By the time we had reached post three most of us were completely shattered. We rested and enjoyed the spectacular views before remembering that it was already nearly dusk, and we still had to walk to post four, another hour and a half away, where we would camp for the night.

So we continued, our torch beams leading the way. This section was a complete beast to climb and so steep in places that the trail zigzagged crazily back and forth. But then: what’s that stink? The smell of human excrement! This could only mean one thing of course – we were within touching distance of post four! The literal dumping grounds of those who were too lazy to cover up their crap: by far the most unsettling aspect of the climb. Why treat a sacred mountain like that?

The next day we got off to an early start. It’s a good hour’s walk to post five before a gruelling 30-minute clamber up an almost impossibly steep path to the summit known as Hargo Dumilah. We made it! All the pain instantly forgotten. Well, not for too long of course – we still have to go back down!

The descent using the Cemoro Sewu trail

Unlike on the Cemoro Kandang trail where we found that no drinks (or food) could be purchased, refreshments are readily available at most of the posts on the Cemoro Sewu trail – quite possibly saving my life!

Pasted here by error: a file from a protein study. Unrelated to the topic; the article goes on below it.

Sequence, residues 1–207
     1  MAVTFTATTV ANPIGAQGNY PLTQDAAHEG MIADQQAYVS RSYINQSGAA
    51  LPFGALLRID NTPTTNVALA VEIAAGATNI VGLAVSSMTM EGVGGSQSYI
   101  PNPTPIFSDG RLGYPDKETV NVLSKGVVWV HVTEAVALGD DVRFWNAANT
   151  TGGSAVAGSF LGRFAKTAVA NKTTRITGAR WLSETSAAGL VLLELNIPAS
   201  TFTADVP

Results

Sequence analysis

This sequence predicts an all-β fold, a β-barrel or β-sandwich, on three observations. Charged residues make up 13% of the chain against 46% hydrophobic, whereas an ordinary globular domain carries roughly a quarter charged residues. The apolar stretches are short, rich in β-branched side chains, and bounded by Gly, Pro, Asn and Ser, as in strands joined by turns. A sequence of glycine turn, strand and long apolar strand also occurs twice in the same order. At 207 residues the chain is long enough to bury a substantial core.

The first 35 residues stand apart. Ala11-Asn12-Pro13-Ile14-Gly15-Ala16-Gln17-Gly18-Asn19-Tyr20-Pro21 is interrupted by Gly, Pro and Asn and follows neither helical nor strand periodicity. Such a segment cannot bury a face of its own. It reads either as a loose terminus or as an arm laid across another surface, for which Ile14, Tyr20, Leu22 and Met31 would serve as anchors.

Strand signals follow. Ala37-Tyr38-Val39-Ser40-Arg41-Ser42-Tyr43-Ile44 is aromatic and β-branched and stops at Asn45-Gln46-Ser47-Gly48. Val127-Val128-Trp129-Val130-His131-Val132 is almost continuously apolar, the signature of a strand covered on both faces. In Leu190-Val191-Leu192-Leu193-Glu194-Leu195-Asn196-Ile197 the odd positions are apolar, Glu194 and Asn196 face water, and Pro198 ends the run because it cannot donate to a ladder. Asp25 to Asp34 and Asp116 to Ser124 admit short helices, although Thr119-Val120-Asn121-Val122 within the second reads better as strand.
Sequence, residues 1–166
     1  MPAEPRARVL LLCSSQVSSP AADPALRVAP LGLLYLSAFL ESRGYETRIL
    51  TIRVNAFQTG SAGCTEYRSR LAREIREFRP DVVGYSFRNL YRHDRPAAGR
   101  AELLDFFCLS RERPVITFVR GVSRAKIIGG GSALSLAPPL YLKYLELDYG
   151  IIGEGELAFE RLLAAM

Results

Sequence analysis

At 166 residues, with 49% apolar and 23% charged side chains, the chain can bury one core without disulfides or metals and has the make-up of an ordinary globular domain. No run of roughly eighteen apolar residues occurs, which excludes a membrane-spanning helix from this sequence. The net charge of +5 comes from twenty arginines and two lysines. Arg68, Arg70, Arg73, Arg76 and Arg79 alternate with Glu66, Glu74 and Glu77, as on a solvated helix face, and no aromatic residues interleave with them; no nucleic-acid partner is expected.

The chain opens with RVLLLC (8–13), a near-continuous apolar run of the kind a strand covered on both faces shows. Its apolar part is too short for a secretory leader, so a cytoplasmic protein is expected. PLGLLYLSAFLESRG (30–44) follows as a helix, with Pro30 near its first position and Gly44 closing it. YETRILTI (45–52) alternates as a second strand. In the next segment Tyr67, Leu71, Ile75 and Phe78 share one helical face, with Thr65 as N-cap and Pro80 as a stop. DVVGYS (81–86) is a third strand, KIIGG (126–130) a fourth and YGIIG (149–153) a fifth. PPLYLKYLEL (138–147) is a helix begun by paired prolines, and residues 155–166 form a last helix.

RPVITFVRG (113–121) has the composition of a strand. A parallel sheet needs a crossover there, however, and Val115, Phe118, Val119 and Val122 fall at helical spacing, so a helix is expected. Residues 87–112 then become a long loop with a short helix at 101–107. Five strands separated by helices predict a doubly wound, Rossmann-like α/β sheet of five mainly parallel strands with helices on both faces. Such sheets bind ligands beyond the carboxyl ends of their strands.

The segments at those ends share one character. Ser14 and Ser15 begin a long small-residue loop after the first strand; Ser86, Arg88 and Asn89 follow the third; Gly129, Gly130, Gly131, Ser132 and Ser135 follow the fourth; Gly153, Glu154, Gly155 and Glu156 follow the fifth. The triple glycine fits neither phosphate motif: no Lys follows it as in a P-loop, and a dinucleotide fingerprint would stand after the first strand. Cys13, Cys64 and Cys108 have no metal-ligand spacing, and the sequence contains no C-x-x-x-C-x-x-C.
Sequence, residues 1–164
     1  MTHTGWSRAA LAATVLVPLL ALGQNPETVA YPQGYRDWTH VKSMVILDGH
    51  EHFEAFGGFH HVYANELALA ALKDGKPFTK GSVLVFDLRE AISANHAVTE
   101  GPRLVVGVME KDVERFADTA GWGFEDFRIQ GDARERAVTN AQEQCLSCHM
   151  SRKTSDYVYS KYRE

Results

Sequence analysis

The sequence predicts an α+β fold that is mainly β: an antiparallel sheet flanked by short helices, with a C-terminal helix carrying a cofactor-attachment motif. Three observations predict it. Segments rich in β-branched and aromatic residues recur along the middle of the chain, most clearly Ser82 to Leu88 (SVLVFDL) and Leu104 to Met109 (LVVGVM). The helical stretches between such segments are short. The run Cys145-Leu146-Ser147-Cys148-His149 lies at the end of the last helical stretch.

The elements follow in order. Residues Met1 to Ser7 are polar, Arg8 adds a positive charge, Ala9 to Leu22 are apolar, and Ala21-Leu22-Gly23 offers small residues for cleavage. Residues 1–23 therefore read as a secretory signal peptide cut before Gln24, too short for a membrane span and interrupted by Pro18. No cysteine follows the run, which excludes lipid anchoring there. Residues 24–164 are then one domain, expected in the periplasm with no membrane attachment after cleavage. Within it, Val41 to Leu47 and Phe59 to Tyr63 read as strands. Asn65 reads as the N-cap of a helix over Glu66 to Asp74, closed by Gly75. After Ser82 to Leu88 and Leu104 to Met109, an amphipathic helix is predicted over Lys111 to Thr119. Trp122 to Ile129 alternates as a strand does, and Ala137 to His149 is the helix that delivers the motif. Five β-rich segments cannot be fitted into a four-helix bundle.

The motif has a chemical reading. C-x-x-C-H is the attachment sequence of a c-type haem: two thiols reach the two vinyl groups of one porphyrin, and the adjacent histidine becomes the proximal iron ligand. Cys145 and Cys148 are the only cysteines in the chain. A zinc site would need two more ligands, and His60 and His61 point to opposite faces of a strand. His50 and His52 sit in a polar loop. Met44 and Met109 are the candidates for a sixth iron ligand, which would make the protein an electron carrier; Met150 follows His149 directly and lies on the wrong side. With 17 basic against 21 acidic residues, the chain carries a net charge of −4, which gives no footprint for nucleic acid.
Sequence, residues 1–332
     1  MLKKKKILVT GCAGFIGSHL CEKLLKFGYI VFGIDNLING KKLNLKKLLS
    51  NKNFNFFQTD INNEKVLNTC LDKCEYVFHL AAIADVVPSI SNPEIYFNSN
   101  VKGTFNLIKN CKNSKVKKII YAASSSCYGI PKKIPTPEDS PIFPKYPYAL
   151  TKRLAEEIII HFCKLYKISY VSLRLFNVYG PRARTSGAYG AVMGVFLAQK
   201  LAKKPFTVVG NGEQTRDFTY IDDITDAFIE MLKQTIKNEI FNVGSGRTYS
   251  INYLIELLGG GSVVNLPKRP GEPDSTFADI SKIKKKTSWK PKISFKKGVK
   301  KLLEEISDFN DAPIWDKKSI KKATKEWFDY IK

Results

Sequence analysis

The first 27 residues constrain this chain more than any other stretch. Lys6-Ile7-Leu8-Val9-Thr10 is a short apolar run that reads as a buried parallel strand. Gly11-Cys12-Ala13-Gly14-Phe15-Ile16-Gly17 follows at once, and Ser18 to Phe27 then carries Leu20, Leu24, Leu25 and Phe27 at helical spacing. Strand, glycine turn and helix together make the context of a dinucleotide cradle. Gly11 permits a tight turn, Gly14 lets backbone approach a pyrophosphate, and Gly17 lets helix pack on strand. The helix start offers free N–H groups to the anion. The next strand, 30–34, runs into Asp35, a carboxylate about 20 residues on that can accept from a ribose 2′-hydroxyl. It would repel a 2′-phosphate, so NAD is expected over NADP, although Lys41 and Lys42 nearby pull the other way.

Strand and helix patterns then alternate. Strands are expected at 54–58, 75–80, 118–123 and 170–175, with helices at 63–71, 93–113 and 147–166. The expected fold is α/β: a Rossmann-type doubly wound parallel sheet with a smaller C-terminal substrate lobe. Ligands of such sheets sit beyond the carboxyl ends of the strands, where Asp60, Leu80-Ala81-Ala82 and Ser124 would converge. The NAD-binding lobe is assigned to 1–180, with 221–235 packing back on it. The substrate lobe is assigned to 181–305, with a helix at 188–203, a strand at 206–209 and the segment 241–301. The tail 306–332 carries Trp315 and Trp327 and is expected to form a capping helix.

Mount Lawu's trail

 

Descending the mountain was also challenging. The path was unbelievably steep and being mostly paved with large stones I was surprised my knee joints didn’t completely shatter at some point. Yet by late afternoon and some five hours later we had made it to post one, legs like jelly. From here it was another hour or so of walking through a pine forest back to the main road. Sacred mountain or not, only one question was now on my mind. Where the **** can I get a blessed Bintang?

Practicalities

  • No guides are needed as the trails are very well defined and in many places paved with large stones.
  • Be properly prepared with all the right gear as it’s very cold at night and hypothermia kills. Night time temperatures go as low as 0-4 degrees.
  • Bring a minimum of 2 litres of bottled water.
  • Travel as light as possible.
  • Don’t do the hike during the rainy season – really, it’s not worth it.
  • Be mentally prepared for a very tough hike.
  • Take the hike seriously. If you have an accident you won’t be helicoptered out!

 

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Martin comes from England but has spent most of his adult life abroad. Wary investor, keen traveller, writer also.